BMC Pulm Med

. 2023 Jan 16;23(1):19.
doi: 10.1186/s12890-022-02283-6.
Additional risk factors improve mortality prediction for patients hospitalized with influenza pneumonia: a retrospective, single-center case-control study

Yu Bai 1 , Yiqun Guo 1 , Li Gu 2



Background: Severe influenza, especially influenza pneumonia, causes large numbers of deaths each year. Some patients who develop severe influenza have no known risk factors. In this study we investigated risk factors for mortality of patients with influenza A-related pneumonia who have different basic conditions. We also evaluated the power of pneumonia severity assessment tools in Chinese patients hospitalized with influenza A-related pneumonia. Together, these results could provide a basis for a screening method that has improved ability for the early identification of critical patients who will have poor prognoses in clinical practice.
Methods: This single-center, retrospective case-control study included 152 adult patients with severe influenza over six influenza seasons. Data for diagnoses and demographics, as well clinical data, laboratory findings, treatment methods, 30-day and 60-day outcomes of the patients were collected. Patients who had any of the risk factors for severe influenza were included in the high-risk group, and those that had no known risk factors were included in the low-risk group.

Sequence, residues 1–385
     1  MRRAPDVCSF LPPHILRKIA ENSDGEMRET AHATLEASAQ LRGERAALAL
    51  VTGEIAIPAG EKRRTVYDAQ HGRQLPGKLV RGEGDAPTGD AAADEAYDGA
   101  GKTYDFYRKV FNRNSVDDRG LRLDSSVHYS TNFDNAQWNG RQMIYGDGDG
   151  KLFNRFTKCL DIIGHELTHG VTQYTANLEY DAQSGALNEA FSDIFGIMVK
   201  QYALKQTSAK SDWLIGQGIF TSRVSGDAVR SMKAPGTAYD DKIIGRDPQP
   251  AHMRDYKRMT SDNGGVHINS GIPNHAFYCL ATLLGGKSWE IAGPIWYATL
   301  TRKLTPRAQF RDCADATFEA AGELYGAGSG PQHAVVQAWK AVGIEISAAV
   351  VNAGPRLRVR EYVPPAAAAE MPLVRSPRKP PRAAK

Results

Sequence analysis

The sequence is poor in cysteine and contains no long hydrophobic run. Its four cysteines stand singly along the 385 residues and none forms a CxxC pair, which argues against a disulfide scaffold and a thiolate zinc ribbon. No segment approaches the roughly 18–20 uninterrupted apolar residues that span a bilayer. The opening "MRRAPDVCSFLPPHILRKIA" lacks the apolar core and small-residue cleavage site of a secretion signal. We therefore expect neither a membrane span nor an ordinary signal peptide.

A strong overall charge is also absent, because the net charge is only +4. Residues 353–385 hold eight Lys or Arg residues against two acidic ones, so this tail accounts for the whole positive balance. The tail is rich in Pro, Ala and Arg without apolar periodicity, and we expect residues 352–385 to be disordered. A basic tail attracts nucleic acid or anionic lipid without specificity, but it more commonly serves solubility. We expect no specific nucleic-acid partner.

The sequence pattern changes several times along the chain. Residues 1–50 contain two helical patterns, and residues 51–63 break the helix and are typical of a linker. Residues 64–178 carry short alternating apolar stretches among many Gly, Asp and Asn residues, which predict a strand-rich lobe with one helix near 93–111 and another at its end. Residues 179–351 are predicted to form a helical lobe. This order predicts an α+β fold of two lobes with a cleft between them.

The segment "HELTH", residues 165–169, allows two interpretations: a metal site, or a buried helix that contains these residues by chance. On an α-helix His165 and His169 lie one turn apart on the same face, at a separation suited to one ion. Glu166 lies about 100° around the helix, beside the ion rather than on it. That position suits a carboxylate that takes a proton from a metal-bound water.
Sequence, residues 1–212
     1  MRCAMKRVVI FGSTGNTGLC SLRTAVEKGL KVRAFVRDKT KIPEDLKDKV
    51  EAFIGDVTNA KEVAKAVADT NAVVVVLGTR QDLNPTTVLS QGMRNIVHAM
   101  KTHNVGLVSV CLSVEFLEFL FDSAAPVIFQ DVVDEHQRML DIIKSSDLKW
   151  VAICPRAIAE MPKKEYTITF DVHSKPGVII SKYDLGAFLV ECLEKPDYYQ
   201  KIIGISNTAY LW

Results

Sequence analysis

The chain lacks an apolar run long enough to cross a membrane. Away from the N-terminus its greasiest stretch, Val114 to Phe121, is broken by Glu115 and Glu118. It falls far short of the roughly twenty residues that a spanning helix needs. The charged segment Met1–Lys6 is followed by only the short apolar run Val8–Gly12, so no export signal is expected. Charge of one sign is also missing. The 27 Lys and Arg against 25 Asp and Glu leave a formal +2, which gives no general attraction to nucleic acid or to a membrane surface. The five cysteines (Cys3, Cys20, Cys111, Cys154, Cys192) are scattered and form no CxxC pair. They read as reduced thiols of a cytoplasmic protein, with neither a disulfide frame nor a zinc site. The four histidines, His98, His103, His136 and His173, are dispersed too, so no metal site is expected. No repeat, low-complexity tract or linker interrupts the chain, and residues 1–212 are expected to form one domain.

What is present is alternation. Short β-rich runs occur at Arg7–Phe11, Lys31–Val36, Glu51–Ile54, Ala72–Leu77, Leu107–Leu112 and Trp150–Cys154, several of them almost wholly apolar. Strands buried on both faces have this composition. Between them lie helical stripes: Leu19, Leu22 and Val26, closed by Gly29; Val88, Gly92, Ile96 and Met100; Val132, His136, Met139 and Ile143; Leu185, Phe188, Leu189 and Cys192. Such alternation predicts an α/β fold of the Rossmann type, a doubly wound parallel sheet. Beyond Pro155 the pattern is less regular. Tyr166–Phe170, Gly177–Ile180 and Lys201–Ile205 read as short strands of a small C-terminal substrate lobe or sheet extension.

Results: The PSI, CURB-65 and PIRO-CAP tools all underestimated the mortality rate of patients hospitalized with influenza A-related pneumonia, and this underestimate was more pronounced for low-risk patients. D-dimer (Odds ratio [OR] = 1.052, 95% confidence interval [CI] 1.001-1.106, p = 0.045) and direct bilirubin (OR = 1.143, 95%CI 1.049-1.246, p = 0.002) were independent risk factors for mortality of patients with influenza A-related pneumonia. When used in combination with ferritin and D-dimer, the area under receiver operator characteristic curve (AUCROC) was 0.851 (95%CI 0.780-0.922, p < 0.001), 0.840 (95%CI 0.763-0.916, p < 0.001) and 0.829 (95%CI 0.748-0.911, p < 0.001) for PSI, CURB-65 and PIRO-CAP, respectively, which was higher than that obtained using PSI, CURB-65 and PIRO-CAP alone.
Conclusions: The findings demonstrate that currently used community-acquired pneumonia (CAP) scoring systems could underestimate the risk of influenza A-related pneumonia mortality. D-dimer was shown to be an independent risk factor of mortality for influenza A-related pneumonia in hospitalized patients, and a combination of D-dimer with ferritin could improve the predictive value of PSI, CURB-65 and PIRO-CAP for adverse prognoses of patients with influenza A-related pneumonia.

Keywords: D-dimer; Ferritin; Influenza; Pneumonia; Risk factor.